The Flex 4.6 release builds on the mobile capabilities introduced in Flex 4.5, enabling you to:
  • Create tablet apps with multiple views and adaptive layouts.
  • Use new tablet focused UI components, including Callout, SpinnerList, and ToggleButton controls.
  • Add text inputs with OS-specific interfaces and interactions to your apps.
  • Leveraging these new capabilities, you can create tablet-optimized applications that target the latest devices, including the Apple iPad, the vast array of Google Android tablets, and the BlackBerry PlayBook.
This article introduces the new components and capabilities added to Flex 4.6 SDK.

New Spark mobile components in Flex 4.6

Flex 4.6 includes several new Spark mobile components.
The SplitViewNavigator is a new root level component that manages multiple ViewNavigator components. The ViewNavigator component, introduced in Flex 4.5, provides a stack-based mechanism to handle transitions, history, and memory management of Views. One of the most common uses of SplitViewNavigator is in the creation of a design pattern known as Master/Detail. Figure 1 shows an example of an application making use of the SplitViewNavigator. Queue Manager, an application built by Jonathan Campos of UnitedMindset and currently available on both iPad and Android tablets, shows how the Master/Detail design pattern can be used in tablet applications.
Figure 1. The Queue Manager app, illustrating the Master-Detail design pattern.
Figure 1. The Queue Manager app, illustrating the Master-Detail design pattern.

The left side of the application, or Master, is the View focused on navigation. The right side of the application, or Detail, displays the corresponding content. This powerful component can manage two or more ViewNavigator components at a time, and enables you to target and push views to any one of them.
Callout and CalloutButton
Callout is a component that you will find many use cases for on tablet devices. The component extends SkinnablePopUpContainer and inherits all of its functionality, but provides a relatively positioned arrow (see Figure 2).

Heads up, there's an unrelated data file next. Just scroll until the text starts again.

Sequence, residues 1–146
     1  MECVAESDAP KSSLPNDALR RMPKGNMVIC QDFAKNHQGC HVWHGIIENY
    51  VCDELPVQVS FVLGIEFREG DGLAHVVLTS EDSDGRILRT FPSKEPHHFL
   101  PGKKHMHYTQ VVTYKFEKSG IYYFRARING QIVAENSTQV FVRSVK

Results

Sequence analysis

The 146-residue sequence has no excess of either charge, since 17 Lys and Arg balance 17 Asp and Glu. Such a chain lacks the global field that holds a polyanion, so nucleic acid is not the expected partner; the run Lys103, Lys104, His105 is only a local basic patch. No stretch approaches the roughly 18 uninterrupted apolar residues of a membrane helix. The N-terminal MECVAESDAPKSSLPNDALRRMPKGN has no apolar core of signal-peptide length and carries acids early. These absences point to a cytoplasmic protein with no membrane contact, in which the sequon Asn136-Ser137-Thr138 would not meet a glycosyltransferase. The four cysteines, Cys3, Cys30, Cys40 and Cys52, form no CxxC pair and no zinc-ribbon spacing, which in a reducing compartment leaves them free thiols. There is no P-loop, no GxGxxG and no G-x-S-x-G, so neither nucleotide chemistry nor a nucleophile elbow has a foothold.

Figure 2. A basic Callout.
Figure 2. A basic Callout.

This fully skinnable component can contain any kind of content, from a group of components to entire Views.
There is a tremendous amount of logic built into this simple looking component. While you have the option to explicitly choose the direction of the arrow and set the height, width, and position of the callout relative to its parent, all of these options can be automatically determined for you based on the component's contents and its parent's position on screen.
Extending Callout and adding functionality, CalloutButton provides similar capabilities to what you might see as dropdowns on tablet platforms today. Functionality like hiding and showing the Callout is wrapped into this straightforward class. Tapping the CalloutButton will display the Callout and its CalloutContents. Touching anywhere outside the Callout will fade it out and remove it. This behavior and appearance can all be modified by changing the CalloutSkin.
Using Callout and SplitViewNavigator together
One of the major conveniences of SplitViewNavigator is the ability to display the first navigator, most typically the Master view, in a Callout upon device reorientation (see Figure 3).
Figure 3. A CallOut in Queue Manager.
Figure 3. A CallOut in Queue Manager.